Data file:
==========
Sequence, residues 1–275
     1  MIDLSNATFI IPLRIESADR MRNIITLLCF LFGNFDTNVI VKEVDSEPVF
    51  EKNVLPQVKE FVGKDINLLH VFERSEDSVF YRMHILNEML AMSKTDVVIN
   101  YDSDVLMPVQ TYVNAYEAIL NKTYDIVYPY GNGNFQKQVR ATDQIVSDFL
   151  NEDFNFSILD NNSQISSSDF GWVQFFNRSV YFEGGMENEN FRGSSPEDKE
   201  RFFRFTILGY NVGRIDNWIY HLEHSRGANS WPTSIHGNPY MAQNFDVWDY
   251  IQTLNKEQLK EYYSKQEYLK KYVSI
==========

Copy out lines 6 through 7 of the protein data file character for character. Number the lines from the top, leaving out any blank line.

   201  RFFRFTILGY NVGRIDNWIY HLEHSRGANS WPTSIHGNPY MAQNFDVWDY
   251  IQTLNKEQLK EYYSKQEYLK KYVSI